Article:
Friday, May 22, 2015

Commentary: God always takes the initiative

God always takes the initiative

Memory Text: The Son of Man has come to seek and to save that which was lost(Luke 19:10, NKJV).

If we were to write a mission statement for Jesus, we could not do any better than to repeat His own words: To seek and to save that which was lost.

While all religions portray the human being in search for God, Christianity presents God as the seeker: Adam, where are you (Gen. 3:9)? Cain, where is your brother (Gen. 4:9)? Elijah, what are you doing here (1 Kings 19:9)? Zacchaeus, come down (Luke 19:5). What was lost? It was humanity itself, which was alienated from God, subject to death, and filled with fear, disappointment, and despair. However, thanks to Jesus we all have great reasons to be hopeful.  If nothing were done in our behalf, all would be lost.

"In the apostasy, man alienated himself from God; earth was cut off from heaven. Across the gulf that lay between, there could be no communion. But through Christ, earth is again linked with heaven. With His own merits, Christ has bridged the gulf which sin had made. .. Christ connects fallen man in his weakness and helplessness with the Source of infinite power." - Ellen G. White, Steps to Christ, p. 20.

God always takes the initiative to look for us because it is not in our nature to look for Him. This is why Paul writes in Romans 5: 8, "…that, while we were yet sinners, Christ died for us."

God set up a plan from the beginning of the world to save us if we sinned. John says that "…the Lamb slain from the foundation of the world" (Revelation 13:8). The plan was put in effect when Adam fell. Adam did not ask for it. But, at finding out about it Adam responded with gratitude.  From Genesis to Revelation, the Bible is a story of God seeking after lost humanity. Luke illustrates this truth by using three important parables: the lost sheep (Luke 15:4-7), the lost coin (vss. 8-10), and the lost son (vss. 11-32).

In the parable of the lost sheep (Luke 15: 4 – 7), the sheep is lost, knows that is lost, but does not the way back, and does not know how to find it. It may wander in the wilderness until it dies trying to get back or just gives up. The sheep need the shepherd to look for it and bring it back. The shepherd takes the initiative to find it. But, to make sure the sheep does not wander again the shepherd may need to resort to extreme measures like breaking its legs. The shepherd brought the sheep back, and with joy restored it to the fold, as if the sheep had never wandered away. 

In the parable of the lost coin (Like 15: 8 – 10), the coin was lost in its own house. The coin, of course, did not know it. Therefore, it had no clue about its need to be rescued. The woman takes the initiative to find the coin and does everything in her power to do so. The woman in the parable cleans the entire house just to find the one coin, even when she still had more. The woman rejoiced as she restored the coin to its proper place as if the coin had never been misplaced.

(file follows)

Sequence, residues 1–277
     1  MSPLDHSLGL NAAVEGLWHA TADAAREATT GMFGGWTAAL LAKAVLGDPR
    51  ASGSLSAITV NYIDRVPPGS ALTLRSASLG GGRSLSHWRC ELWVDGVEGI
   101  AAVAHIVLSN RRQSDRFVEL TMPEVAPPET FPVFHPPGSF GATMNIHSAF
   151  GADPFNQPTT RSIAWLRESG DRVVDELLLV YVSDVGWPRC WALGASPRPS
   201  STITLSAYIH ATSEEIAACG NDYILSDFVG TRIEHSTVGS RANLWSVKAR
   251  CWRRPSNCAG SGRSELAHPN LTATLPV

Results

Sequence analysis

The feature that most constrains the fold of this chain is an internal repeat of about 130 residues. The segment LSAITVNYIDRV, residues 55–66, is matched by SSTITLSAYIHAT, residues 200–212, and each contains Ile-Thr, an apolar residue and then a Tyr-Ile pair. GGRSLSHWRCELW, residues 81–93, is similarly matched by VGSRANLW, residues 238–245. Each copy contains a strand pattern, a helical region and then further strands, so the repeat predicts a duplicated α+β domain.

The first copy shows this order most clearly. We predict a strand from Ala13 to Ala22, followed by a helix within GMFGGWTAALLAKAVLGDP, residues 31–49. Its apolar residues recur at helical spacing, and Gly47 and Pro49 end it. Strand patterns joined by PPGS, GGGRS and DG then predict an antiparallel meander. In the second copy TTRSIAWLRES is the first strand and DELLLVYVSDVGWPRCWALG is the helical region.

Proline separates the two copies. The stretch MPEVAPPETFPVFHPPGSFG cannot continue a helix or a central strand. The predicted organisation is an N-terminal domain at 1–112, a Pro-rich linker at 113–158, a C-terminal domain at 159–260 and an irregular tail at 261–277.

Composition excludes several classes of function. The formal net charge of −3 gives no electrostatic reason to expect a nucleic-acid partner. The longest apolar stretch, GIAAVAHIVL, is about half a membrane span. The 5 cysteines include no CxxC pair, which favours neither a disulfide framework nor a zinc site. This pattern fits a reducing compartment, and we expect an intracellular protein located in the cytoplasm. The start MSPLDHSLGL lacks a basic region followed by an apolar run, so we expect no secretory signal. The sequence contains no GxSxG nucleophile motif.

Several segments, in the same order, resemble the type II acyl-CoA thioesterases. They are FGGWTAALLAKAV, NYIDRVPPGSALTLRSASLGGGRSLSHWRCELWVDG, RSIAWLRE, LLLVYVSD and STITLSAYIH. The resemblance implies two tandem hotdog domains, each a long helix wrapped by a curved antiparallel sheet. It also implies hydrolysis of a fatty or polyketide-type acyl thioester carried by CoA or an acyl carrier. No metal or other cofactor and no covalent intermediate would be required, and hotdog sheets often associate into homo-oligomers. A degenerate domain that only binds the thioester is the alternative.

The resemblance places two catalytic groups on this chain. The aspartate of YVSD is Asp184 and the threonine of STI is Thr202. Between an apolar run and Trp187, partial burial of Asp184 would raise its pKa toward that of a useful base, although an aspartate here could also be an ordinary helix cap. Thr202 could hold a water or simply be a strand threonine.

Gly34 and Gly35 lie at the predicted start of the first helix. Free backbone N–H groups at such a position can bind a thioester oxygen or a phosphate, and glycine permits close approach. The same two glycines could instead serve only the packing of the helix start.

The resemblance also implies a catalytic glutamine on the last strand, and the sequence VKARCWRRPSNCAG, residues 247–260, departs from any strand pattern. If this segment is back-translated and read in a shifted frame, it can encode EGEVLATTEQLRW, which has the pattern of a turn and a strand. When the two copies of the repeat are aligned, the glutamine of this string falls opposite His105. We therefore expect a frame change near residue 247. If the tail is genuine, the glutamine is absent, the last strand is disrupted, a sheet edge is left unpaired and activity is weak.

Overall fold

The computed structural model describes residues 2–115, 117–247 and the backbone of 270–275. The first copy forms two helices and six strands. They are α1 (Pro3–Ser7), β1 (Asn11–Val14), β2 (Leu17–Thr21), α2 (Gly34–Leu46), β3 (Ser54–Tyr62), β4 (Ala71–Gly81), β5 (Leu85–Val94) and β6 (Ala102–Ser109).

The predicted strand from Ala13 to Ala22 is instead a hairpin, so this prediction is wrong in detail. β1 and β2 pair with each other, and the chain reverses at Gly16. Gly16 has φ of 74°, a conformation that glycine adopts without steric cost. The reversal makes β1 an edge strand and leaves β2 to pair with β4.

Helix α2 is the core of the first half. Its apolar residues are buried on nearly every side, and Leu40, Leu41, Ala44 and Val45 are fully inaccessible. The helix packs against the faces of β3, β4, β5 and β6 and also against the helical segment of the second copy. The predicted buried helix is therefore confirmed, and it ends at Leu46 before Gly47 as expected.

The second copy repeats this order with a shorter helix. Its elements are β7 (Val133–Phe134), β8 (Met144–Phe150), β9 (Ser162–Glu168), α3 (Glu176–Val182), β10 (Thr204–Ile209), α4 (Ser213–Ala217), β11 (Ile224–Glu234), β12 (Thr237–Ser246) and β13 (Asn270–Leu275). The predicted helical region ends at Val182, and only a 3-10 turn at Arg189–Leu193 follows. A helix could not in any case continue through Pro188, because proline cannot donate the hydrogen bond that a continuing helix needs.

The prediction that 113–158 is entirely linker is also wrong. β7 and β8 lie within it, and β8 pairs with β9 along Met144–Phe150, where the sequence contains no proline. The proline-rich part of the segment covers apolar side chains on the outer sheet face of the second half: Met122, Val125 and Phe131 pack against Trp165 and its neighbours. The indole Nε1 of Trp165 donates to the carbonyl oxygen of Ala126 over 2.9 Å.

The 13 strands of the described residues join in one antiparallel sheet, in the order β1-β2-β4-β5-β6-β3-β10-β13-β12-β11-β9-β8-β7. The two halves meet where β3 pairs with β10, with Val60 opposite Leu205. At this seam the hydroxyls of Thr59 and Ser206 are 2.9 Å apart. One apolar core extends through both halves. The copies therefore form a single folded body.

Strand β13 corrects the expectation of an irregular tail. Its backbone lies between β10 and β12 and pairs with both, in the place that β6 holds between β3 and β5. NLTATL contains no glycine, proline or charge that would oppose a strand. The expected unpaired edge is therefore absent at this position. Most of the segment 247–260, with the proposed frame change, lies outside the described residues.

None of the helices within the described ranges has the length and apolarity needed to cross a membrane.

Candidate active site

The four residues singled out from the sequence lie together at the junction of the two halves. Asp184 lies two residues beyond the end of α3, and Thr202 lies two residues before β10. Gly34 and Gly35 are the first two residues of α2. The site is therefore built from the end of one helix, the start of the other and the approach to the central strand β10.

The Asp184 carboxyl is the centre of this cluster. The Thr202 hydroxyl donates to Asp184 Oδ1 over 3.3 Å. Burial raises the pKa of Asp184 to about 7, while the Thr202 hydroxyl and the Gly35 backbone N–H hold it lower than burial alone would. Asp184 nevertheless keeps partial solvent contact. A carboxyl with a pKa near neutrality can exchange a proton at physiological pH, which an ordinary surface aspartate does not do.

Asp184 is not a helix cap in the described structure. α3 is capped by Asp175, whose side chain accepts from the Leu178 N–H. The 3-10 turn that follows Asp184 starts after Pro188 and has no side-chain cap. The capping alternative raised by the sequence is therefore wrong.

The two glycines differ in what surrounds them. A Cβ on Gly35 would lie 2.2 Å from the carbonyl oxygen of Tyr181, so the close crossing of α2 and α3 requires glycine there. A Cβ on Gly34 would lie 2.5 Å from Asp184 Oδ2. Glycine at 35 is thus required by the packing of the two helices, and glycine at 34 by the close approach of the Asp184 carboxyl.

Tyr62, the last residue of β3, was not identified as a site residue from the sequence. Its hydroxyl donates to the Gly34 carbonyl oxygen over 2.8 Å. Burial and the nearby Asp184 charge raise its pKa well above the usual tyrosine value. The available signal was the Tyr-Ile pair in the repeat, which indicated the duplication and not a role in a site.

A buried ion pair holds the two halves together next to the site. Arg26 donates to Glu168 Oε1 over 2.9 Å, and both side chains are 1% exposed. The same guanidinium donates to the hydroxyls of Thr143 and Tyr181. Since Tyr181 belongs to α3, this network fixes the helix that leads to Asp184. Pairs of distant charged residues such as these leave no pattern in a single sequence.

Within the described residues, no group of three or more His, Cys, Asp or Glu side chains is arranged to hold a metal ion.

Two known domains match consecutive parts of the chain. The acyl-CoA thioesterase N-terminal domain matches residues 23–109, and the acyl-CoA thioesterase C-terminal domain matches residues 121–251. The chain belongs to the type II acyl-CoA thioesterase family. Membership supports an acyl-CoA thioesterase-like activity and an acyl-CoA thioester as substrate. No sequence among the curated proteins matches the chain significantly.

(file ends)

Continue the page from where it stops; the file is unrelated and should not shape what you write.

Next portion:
Last is the parable of prodigal son. After wasting a fortune reluctantly given to him by his father he ended up working at a pigsty feeding the pigs. This was something not only humiliating to a person of means but also an abomination for any Jew. This is an example of how low Sin takes us. But, the prodigal son remembered his former life in his home, and how good even the servants had it. The prodigal son remembered his way back home. He needed no outside rescue. However, his father was watching and waiting for him by the entrance of the home. He received his son with open arms and restored to his former position as if the son had never left. (In real life, when the "prodigal sons' remember their way it is the Holy Spirit reminding them.)

These parables not only show how we are lost, they also show God's grace and mercy. God does whatever is in His power to save us. We see that in the parables. And, He receives us with His unconditional love. All the process of Salvation is always God's initiative. We just respond, hopefully with gratitude – heartfelt appreciation – for what he has done for us. As He works in us He awaits for that response to restore us to the position we had before the fall.  Ellen White says about this.

"Whatever may have been your past experience, however discouraging your present circumstances, if you will come to Jesus just as you are, weak, helpless, and despairing, our compassionate Saviour will meet you a great way off, and will throw about you His arms of love and His robe of righteousness."—Thoughts from the Mount of Blessing, p. 9.

When there is a desire to come to Him – however faint – there is still a chance. This desire is wrought from God trying to woo you to Him. Are we responding to Him?


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